A key Democratic state senator is pleased that Missouri Senate President Pro Tem Dave Schatz, R-Sullivan, has formed an interim committee to study gun violence, saying she hopes the committee will come up with a blueprint to reduce the violence.
The committee’s first hearing is Monday in Jefferson City.
State Sen. Jamilah Nasheed, D-St. Louis, called on Pro Tem Schatz to create the committee, back in September. Nasheed describes the gun violence in her hometown as an epidemic.
“I mean when we have children dying on the street by way of AK 47’s and AR-15’s, yeah this is a massive, massive crisis,” Nasheed says.
She also says it’s a public health crisis.
“And I’m just happy that the senators are ready to roll up their sleeves and begin to look at best practices in terms of legislation so that we can help reduce the violence that’s plaguing the inner cities as well as outstate,” says Nasheed.
U.S. Attorney Tim Garrison has noted that St. Louis, Kansas City and Springfield are three of the top 15 most violent cities in the nation, on a per capita basis.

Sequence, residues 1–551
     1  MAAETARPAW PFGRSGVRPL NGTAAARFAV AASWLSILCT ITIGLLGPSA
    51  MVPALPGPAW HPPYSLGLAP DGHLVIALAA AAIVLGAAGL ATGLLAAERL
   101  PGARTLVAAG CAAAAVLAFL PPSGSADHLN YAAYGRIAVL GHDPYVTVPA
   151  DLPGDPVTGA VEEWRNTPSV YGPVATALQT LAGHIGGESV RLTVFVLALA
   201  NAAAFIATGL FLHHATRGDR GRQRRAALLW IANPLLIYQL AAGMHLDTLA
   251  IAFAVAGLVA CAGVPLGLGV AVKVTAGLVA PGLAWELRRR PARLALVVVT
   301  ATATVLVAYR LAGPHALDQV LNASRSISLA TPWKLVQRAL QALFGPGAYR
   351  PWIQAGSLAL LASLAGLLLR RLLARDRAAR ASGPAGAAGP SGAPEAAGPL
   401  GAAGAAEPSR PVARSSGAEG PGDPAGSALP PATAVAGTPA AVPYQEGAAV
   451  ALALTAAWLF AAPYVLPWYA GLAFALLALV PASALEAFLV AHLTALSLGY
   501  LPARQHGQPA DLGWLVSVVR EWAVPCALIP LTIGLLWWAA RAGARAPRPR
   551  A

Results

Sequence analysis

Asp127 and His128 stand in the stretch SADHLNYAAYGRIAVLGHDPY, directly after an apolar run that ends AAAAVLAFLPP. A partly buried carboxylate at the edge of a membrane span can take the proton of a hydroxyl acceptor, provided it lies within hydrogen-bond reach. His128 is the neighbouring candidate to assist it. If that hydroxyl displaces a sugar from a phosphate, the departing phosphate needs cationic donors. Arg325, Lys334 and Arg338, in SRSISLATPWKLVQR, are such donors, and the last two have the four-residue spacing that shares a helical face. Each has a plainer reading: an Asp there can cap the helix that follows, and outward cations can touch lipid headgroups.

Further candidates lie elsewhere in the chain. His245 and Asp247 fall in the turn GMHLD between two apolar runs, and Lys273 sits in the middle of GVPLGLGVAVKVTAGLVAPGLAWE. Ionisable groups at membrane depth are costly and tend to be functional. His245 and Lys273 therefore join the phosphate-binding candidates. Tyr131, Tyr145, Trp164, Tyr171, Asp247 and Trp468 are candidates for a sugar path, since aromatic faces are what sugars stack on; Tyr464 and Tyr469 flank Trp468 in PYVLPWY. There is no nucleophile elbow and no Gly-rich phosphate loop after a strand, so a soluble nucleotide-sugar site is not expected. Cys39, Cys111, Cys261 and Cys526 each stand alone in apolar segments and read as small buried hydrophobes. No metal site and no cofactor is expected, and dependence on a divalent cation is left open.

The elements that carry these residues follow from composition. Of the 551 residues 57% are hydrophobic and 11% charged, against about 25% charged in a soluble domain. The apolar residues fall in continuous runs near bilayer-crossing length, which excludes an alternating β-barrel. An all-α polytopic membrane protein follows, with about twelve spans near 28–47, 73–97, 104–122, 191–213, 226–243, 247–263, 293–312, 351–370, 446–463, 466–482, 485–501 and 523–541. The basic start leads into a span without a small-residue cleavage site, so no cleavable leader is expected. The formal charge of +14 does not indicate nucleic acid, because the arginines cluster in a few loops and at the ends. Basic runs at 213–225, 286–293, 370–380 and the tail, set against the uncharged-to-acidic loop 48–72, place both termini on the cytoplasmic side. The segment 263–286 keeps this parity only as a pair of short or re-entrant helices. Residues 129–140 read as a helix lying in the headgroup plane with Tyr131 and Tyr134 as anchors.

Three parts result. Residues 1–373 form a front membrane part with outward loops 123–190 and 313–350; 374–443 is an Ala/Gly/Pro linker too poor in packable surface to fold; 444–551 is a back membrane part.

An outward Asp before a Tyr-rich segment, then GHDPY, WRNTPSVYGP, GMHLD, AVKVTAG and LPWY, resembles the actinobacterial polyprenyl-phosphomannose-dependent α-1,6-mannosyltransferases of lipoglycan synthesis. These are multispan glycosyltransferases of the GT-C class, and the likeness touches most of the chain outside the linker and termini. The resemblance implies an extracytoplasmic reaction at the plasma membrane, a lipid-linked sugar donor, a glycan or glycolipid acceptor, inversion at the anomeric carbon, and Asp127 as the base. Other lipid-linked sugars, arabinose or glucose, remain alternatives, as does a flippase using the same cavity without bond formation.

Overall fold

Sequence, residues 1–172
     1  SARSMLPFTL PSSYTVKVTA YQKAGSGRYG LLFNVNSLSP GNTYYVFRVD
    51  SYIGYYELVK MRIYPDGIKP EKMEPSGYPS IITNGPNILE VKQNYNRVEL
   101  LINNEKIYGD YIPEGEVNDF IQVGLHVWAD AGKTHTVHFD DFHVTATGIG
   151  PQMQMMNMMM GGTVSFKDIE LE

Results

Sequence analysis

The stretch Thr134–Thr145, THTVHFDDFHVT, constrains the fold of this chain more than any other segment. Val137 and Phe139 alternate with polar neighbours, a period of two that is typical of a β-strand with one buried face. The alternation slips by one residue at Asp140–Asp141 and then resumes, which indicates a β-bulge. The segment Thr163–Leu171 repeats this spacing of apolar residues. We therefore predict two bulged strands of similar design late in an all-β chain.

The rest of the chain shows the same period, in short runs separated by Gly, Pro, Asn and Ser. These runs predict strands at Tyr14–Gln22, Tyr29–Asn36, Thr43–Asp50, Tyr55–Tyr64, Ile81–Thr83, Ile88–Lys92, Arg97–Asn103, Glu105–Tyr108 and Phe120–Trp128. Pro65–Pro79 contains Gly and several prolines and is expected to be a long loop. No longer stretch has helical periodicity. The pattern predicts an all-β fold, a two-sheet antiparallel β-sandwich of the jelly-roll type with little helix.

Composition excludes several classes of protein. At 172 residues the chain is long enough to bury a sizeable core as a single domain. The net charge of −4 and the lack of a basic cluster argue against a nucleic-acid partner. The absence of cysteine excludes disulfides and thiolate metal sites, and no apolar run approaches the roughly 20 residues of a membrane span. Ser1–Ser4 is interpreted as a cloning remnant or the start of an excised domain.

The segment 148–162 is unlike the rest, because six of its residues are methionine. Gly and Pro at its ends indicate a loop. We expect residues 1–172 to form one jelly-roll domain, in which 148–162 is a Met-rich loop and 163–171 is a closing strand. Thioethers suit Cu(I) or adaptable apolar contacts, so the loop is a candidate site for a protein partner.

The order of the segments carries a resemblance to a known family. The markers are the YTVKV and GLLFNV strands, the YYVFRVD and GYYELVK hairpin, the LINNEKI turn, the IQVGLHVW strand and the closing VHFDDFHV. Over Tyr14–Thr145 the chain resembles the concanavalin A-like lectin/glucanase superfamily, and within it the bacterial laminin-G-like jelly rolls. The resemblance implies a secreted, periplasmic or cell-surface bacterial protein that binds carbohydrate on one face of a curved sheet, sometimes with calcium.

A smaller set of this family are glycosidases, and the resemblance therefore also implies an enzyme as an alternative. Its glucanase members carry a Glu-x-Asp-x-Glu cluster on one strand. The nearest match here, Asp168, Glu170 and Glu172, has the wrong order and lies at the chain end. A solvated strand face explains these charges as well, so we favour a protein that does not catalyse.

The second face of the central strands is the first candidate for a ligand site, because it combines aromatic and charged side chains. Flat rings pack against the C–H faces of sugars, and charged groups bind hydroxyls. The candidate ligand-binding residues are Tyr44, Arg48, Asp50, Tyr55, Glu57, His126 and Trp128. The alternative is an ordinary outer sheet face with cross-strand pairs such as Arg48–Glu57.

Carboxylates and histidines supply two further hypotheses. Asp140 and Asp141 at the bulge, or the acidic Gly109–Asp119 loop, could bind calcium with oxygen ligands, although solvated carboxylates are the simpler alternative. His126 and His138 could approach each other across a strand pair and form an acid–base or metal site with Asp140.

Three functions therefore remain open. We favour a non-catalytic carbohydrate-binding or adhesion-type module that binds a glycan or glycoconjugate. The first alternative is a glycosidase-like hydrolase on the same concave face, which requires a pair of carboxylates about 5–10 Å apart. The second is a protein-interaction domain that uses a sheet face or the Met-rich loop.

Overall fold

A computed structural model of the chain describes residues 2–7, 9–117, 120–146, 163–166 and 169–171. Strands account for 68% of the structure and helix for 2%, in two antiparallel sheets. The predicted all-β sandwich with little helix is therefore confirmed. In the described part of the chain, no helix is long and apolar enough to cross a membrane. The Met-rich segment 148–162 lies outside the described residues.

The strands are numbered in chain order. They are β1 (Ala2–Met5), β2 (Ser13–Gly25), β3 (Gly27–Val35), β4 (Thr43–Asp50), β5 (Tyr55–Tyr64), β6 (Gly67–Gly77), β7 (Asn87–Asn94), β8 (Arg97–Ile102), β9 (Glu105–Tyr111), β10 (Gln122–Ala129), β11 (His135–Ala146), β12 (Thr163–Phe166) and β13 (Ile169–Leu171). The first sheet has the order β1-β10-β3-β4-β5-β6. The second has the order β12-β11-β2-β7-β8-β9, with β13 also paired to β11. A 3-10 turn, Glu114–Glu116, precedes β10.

At least 13 children have been killed in St. Louis city shootings in 2019, and Kansas City Police say there have been 122 homicides there this year. In central Missouri’s Columbia, there were five murders during the month of September.
The Senate Interim Committee on Public Safety is chaired by State Sen. Doug Libla, R-Poplar Bluff, and State Sen. Jeanie Riddle, R-Mokane, is the vice-chair. Republicans have a 4-3 majority on the committee, which Nasheed serves on.
Senator Nasheed tells Missourinet the committee’s first hearing is Monday morning at 10 at the Missouri Capitol, where they’ll hear from expert witnesses in areas like public safety and social work.
She has also called for increased protection for crime witnesses, saying they are fearful for their safety. Governor Mike Parson (R) has also expressed that concern.
Click here to listen to the full interview between Missourinet’s Brian Hauswirth and State Sen. Jamilah Nasheed, D-St. Louis, which was recorded on October 30, 2019:
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